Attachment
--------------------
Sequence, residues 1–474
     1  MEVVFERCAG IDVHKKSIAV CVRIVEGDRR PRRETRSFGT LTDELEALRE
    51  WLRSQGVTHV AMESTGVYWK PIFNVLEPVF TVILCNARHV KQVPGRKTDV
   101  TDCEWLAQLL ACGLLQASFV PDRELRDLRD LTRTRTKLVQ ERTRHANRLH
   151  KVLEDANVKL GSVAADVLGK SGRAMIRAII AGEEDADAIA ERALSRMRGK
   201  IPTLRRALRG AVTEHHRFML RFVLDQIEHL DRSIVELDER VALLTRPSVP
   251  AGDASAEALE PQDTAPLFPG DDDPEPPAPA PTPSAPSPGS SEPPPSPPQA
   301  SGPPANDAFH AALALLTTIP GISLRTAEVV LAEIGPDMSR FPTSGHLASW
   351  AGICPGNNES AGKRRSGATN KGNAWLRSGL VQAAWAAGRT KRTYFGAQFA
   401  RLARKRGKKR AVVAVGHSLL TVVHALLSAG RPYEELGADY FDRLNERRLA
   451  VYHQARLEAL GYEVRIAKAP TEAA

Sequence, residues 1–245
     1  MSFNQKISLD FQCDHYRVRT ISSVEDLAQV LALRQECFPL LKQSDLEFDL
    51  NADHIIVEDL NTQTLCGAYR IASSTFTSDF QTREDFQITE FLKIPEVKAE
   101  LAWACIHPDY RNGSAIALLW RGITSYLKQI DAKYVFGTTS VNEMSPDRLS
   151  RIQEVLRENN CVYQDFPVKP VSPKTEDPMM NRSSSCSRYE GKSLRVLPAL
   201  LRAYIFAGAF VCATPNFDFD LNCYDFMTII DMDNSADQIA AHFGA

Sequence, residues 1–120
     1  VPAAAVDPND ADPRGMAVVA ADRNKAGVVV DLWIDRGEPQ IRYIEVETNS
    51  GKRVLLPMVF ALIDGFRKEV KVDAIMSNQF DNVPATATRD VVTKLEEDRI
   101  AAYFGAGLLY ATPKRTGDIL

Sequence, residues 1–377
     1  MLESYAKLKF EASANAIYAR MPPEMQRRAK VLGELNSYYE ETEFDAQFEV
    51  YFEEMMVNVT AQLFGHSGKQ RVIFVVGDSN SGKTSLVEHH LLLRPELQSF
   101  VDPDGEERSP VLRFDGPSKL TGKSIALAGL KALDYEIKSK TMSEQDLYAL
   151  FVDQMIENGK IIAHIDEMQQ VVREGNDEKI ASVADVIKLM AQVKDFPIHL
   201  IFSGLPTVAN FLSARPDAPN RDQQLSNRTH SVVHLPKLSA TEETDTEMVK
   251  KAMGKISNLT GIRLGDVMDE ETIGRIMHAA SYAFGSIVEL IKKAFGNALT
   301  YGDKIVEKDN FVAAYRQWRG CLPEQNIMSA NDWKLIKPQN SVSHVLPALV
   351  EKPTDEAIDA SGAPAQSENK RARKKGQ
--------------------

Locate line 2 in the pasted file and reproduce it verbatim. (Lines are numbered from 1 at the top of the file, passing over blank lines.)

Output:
     1  MEVVFERCAG IDVHKKSIAV CVRIVEGDRR PRRETRSFGT LTDELEALRE